KDV Alert: Heartbleed – Pervasive OpenSSL Bugs Require Both Technical And Business Mitigation

Posted Apr 14, 2014

by Christopher Nucifora, Esq. and Hsiao (Mark) C. Mao, Esq.
(April 14, 2014)

The recent panic of the OpenSSL bug, “Heartbleed” (CVE-2014-0160) demonstrates the need for businesses to mitigate their risks with more than just technical solutions. In addition to seeking legal counsel, tools such as Cyber Liability Insurance should also be considered.

I. What Is Heartbleed?

OpenSSL encryption is used by large and small businesses alike. The “Open Source” community created and maintains OpenSSL, which makes it essentially free software created and maintained by volunteers. OpenSSL allows one to create security certificates of limited use, using SSL (Secure Sockets Layer, a technology for establishing an encrypted link between a web server and a browser).

As internet security certificates can be extremely expensive from a recognized certificate agency, many enterprises use some combination of OpenSSL. Some estimate that as many as two-thirds of the world-wide-web’s servers use OpenSSL.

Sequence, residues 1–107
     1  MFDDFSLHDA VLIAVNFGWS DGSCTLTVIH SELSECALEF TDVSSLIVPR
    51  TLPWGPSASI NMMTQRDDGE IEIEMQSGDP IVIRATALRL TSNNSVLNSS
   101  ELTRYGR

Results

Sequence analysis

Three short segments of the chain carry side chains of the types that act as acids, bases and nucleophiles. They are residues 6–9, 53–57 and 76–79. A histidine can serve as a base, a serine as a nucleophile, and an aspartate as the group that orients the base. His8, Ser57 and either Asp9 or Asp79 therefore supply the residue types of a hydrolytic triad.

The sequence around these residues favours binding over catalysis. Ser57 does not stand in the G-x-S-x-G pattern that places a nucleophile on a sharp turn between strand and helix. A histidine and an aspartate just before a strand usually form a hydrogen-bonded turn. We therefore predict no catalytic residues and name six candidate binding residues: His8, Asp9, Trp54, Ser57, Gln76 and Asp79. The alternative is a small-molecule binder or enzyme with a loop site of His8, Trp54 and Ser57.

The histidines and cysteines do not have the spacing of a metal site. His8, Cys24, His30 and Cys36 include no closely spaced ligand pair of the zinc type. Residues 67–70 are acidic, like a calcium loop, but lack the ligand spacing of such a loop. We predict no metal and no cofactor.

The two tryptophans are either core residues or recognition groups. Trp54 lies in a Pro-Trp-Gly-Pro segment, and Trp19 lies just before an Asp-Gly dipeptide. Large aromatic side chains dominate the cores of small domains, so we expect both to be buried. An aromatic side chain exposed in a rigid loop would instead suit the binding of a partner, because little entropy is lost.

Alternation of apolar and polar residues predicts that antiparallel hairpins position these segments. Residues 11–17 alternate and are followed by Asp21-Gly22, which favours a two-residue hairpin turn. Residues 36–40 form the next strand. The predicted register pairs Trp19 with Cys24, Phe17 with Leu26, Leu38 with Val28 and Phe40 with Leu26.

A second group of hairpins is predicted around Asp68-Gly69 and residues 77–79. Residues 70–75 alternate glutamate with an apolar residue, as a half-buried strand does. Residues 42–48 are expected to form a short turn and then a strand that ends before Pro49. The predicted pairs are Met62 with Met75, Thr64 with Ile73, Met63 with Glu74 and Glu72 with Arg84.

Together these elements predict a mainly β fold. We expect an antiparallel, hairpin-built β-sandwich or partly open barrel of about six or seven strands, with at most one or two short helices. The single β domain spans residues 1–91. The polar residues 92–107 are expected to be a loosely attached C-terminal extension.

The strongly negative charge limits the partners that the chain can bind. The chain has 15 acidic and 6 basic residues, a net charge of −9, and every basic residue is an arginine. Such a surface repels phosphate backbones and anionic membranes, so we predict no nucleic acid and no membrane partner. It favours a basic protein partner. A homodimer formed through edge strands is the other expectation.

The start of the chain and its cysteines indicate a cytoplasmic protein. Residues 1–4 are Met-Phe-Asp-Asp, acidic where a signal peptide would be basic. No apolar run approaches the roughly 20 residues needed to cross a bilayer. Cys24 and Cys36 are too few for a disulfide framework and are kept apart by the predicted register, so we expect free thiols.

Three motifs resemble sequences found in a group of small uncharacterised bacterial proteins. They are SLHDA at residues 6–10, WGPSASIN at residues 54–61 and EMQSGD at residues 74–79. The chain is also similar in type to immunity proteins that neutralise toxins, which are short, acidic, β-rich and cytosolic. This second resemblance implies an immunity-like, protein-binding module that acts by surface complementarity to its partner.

On Monday, April 7, the internet security team of Google publicly disclosed that OpenSSL contained the Heartbleed bug, sending panic through businesses and consumers alike. The bug essentially allows attackers to obtain information from a vulnerable server in 64k packets, which can be anything. The bug may be used perniciously to compromise the secret keys used to identify the service providers and encrypt the traffic. This allows attackers to eavesdrop communications, and steal data such as names, passwords, and content, directly from the services and users, and then impersonate them.

The Heartbleed bug thereby provides a built-in back-door for competent hackers to get into many “secure websites,” and extract packets of information that is otherwise private for both businesses and users. One major website immediately affected was Yahoo, followed by others.

In the following days, some struggled for solutions, and others were relatively dismissive of the problem. For example, one major internet content delivery and security company announced that although it believed that one can “fish” for information using the Heartbleed bug, it “may be impossible” to retrieve the actual private SSL keys themselves. Some started saying that “Heartbleed” was not as dangerous as first thought, even issuing public challenges to hackers to obtain the private SSL key from a vulnerable testing website.